GoDaddy releases earnings, picks GDDY ticker

Domain name registrar gets one step closer to IPO.

GoDaddyGoDaddy filed an amended S-1 statement with the SEC today that revealed fourth quarter and full year 2014 financials, as well as the company’s planned NYSE stock ticker GDDY.

Fourth quarter revenue at the company grew to $371.7 million, up from $356.9 million in the third quarter and $305.9 million in the same quarter of 2013. The company reported a net loss of ($26.8) million for the quarter, about in line with the third quarter.

For the year, total revenue increased $256.4 million, or 22.7%, to $1.4 billion. The company reported a loss of ($143.3) million for the year. (The company reports an adjusted EBITDA number that is positive.)

Total customers increased 1.1 million on the year to hit 12.7 million.

While the domain name business continues to grow, it makes up a smaller percentage of the company’s business each quarter as the hosting and business application segments grow at a faster clip.

I ran the amended S-1 through Intelligize’s comparison tool. Most of the changes were related to security and compensation.

So I got a call from Register.com this week…

Registrar called about a renewal, and it was strange.

If you have any domain names at a Web.com registrar (Register.com and Network Solutions), you know the company is big on marketing to its customer base. You literally get one email every day from the company, promoting everything from search engine optimization to Facebook pages. Most of them end up in your spam folder.

This week I got a call from Register.com that was helpful in one way, but disconcerting in another.

I won a domain name in a drop that’s now at Register.com and it’s coming up for renewal. The company called to ask if I wanted to renew it.

This is actually quite helpful. As it turns out, I’m having a problem with an old email address tied to the account, and I wasn’t aware that I hadn’t transferred the domain to another registrar yet. Many domain names expire because of email problems, and a call from the registrar would prevent many of these domains from expiring. Click to continue reading…

How to Get the Lowest Prices at GoDaddy

GoDaddy has a bunch of pricing tiers and discounts. The best deal depends a lot on the size of your domain name portfolio.

DiscountIf you’re a domainer, you shouldn’t be paying list price for domain name registrations at GoDaddy (or any registrar, for that matter).

Since a lot of readers use GoDaddy, I thought it worthwhile to run down the various discount options at the registrar.

Price is one of the most important considerations when choosing a domain name registrar, according to last year’s Domain Name Wire survey. (Pssst…take this year’s here.) GoDaddy doesn’t always win on pricing, but below are some of the ways to make sure you’re not overpaying. Click here to continue reading…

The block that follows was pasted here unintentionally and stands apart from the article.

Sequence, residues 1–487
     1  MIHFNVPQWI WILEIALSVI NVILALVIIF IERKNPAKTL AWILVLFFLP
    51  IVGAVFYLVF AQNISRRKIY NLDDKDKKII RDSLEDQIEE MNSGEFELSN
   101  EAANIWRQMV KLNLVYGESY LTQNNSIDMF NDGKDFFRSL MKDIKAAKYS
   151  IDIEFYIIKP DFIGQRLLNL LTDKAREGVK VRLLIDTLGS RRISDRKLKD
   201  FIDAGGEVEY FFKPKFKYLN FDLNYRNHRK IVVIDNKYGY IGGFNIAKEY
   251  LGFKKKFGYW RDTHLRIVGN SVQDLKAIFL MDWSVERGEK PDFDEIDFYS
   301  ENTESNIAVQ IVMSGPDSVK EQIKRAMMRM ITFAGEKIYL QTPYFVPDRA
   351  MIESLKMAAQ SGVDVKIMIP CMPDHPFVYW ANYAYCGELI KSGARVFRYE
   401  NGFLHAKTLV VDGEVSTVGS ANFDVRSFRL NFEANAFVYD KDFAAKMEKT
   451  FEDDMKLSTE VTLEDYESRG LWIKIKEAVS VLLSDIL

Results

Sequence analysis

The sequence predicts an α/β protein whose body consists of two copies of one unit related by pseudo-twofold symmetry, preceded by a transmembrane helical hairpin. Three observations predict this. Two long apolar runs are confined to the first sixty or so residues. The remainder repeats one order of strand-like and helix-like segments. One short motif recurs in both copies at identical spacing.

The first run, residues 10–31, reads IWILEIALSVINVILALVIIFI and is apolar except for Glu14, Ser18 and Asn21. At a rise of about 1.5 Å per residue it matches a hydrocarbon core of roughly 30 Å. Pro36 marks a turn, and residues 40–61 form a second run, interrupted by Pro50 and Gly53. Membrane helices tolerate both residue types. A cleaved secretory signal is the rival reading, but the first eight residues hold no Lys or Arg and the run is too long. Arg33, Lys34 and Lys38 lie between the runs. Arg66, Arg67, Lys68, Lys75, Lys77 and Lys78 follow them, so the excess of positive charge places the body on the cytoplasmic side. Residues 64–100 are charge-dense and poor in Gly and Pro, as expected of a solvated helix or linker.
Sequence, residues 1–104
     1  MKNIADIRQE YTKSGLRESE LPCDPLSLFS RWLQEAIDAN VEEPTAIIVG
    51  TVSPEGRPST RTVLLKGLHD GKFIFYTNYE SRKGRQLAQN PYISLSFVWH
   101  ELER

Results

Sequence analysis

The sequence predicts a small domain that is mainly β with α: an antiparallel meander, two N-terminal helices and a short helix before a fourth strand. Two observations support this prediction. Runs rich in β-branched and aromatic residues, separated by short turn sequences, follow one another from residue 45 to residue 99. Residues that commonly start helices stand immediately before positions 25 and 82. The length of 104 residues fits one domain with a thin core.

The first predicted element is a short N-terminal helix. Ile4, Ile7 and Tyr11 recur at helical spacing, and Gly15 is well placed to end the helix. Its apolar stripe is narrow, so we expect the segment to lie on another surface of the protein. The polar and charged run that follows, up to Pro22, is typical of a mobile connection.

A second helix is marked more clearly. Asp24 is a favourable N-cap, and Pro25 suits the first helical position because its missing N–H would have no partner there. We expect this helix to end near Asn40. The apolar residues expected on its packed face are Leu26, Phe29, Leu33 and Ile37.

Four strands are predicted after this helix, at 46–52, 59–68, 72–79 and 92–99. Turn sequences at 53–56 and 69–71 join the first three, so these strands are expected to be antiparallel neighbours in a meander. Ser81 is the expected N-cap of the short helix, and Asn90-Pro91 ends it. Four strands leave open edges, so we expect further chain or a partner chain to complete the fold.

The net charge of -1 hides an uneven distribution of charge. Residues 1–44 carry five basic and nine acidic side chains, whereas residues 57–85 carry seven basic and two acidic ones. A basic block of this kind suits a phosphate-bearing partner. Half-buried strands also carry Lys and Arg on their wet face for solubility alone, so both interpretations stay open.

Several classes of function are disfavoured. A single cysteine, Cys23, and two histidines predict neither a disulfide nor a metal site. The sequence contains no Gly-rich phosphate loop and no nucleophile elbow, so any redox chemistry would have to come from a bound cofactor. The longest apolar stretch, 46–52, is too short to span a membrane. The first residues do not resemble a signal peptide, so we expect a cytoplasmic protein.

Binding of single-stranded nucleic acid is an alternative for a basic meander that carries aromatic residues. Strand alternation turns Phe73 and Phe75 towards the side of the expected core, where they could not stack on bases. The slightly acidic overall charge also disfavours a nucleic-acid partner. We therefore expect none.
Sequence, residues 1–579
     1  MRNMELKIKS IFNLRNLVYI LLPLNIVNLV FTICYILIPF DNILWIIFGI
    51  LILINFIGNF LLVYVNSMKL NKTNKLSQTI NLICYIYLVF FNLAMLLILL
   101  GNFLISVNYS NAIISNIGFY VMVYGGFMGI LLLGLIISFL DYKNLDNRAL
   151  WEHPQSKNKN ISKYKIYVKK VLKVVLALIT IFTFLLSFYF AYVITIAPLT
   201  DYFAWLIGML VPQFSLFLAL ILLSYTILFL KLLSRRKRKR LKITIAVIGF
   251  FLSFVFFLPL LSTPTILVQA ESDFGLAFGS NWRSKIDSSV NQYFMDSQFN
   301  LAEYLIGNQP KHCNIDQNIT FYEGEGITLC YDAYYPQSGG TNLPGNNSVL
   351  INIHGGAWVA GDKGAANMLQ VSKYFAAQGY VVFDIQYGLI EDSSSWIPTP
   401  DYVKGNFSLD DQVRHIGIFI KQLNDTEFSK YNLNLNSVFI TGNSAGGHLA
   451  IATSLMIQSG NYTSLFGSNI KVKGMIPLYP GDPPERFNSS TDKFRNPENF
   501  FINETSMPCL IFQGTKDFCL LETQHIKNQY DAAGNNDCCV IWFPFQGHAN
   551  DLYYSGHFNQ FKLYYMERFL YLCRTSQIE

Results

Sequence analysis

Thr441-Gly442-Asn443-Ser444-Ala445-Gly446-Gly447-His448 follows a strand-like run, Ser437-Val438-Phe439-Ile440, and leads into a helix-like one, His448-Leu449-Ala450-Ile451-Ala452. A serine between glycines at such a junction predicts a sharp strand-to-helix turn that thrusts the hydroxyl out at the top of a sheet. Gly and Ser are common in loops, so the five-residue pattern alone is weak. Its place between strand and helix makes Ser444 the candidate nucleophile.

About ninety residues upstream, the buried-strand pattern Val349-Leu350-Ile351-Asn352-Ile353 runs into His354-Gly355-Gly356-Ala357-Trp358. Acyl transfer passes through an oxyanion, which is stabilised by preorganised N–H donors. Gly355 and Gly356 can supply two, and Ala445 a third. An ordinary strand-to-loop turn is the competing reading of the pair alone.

.Online partnership splits, one company will operate new TLD

Companies end .online partnership, but all three will help market the domain name.

A three company partnership for the .online top level domain name has broken up, and it appears Radix will now run the domain name by itself.

A partnership between Radix, Tucows and NameCheap won the contention set auction for .online last year, reportedly paying more than $10 million for the domain name. All three parties then made capital contributions to the partnership to cover the cost of the auction and running the business.

On Tucows’ 4th quarter conference call this afternoon, CEO Elliot Noss reported that the companies decided to end the partnership based on diverging businesses. Two of the partners will receive their capital contributions back and have entered into marketing arrangements when the new TLD becomes available. Click here to continue reading…

GoDaddy amends IPO filing

GoDaddy updates S-1, but it doesn’t include final 2014 financials.

GoDaddy filed an amended S-1 statement with the Securities & Exchange Commission today.

I’ll save you a couple hours of combing over the new document for changes…there aren’t many, unless you’re fascinated by GoDaddy’s corporate and shareholder structure and its investors’ plans to minimize taxes.

Using Intelligize’s Smart Compare feature, I compared the current S-1 to the previous one filed November 17. Essentially, the majority of changes are related to tax distributions and Tax Receivable Agreements (TRAs).

The filing doesn’t include full year results for 2014, which I expect to be filed within the next few weeks. I’ll write about the updated results when they become available.

GoDaddy is expected to go public in the first half of this year.